KARACHI: Adviser to the Chief Minister of Sindh and Administrator of Karachi Barrister Murtaza Wahab provided a road map for the betterment of Karachi at a book launch held to commemorate the 60th anniversary of English Speaking Union of Pakistan (ESUP) here on Tuesday.
Speaking as the chief guest on the occasion, Barrister Wahab said he calls himself a Pakistani of choice. “Because I studied abroad but chose to come back. I realised that nothing happens in society unless you join it and become a part of the process of change. You have to be a part of the system to be able to change it,” he said.
He said he became a provincial minister at the age of 31 and from there he has assumed various positions in the government though he never intended to be a politician. “But I was born to politician parents. So my journey has not been of struggle but of work,” he said.
“Before assuming the position of Karachi administrator, I started hearing all kinds of negative talk that I am too young, that I won’t be able to do much but I look at things from a different perspective. Negativity and being cynical has crept into our society where people are more into saying ‘no’ instead of ‘yes’. But I want to give people hope in the system of government that can bring about change, that can deliver,” he said, adding that for this he has given himself some targets.
Book launch marks the 60th anniversary of ESUP
Barrister Wahab said that his first target was solid waste management. “Garbage disposal is a sore point with the government. There is this rhetoric that the city administration has no power. But this rhetoric that the Sindh government has reduced the power of city administrations has been created.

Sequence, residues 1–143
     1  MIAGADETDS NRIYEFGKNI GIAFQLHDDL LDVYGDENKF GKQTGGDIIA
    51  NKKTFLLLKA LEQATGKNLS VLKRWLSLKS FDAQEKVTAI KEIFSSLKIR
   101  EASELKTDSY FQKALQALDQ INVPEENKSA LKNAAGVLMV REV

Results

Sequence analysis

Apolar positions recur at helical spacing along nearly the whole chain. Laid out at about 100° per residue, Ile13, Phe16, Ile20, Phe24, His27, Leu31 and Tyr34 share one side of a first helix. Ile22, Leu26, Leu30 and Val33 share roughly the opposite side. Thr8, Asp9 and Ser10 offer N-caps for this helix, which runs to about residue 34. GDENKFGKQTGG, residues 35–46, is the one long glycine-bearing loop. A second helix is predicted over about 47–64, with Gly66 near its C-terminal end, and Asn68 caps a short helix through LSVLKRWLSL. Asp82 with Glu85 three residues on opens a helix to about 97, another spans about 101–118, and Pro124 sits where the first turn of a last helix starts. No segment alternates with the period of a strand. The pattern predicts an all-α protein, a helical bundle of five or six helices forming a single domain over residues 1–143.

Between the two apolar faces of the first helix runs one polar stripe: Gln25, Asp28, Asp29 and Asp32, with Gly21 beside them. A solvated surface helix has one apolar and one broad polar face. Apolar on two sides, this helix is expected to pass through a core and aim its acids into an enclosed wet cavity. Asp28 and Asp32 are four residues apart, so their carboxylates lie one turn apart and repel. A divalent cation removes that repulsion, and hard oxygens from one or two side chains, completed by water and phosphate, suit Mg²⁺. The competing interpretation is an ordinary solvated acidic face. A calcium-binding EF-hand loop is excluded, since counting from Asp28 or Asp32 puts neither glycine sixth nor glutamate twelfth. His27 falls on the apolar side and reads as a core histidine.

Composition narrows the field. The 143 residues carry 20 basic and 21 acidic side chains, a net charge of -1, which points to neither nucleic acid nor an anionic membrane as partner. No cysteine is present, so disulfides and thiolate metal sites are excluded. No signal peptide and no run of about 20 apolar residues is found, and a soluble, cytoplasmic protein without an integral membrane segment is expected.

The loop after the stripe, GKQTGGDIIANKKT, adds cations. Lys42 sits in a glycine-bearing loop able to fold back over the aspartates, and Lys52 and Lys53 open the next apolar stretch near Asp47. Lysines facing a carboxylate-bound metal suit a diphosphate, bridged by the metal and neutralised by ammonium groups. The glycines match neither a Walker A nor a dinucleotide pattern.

“Garbage collection is the responsibility of district municipal corporation chairmen, some of whom have deliberately failed to deliver, and indulge in a blame game,” he said.
“The problem is that Karachi also has six cantonment boards, which are federal entities. But you see garbage on the roads in Clifton or DHA and think that the provincial or local government has failed. The city needs to have a uniform system. With this bifurcation of Karachi, the blame game will carry on.”
The second problem faced by the city as pointed out by Barrister Wahab is water. “Karachi’s water requirement is 1,100 million gallons per day [MGD] but the water coming from the Hub Dam and Keenjhar Lake is about half of that requirement. The world has gone to alternative sources of water but here in Pakistan we are still contemplating. Desalination is a reality in a number of countries and Karachi, being a coastal city, can do it also. But the government, even if it realises the need to go to the ocean, is afraid that if it decides to go for it, it will have to answer to NAB and the courts,” he said.
“There is also the issue that we don’t think of water as a commodity. We are willing to buy water from tankers but we are not willing to pay water bills. But as citizens we need to cooperate with the government to make desalination plants a reality. We need to join hands with the government to sustain such a project.”
As for the third issue of Karachi, Barrister Wahab said that it was transport. He said that they are going to have the Red Line, Orange Line and Green Line entering the working phase very soon. He also said that the construction of the Malir Expressway has also started along with work on link roads and bridges. “Besides, we are also working on improving old neighbourhoods and creating food streets like we are doing at Wazir Mansion and Boat Basin, respectively.”
Earlier, the ESUP book’s editor Afshan Lalani spoke about the special edition and the work that went into compiling it.
ESUP president Aziz Memon, vice president Kalim Farooqui and secretary general Majyd Aziz also spoke.
Published in Dawn, August 25th, 2021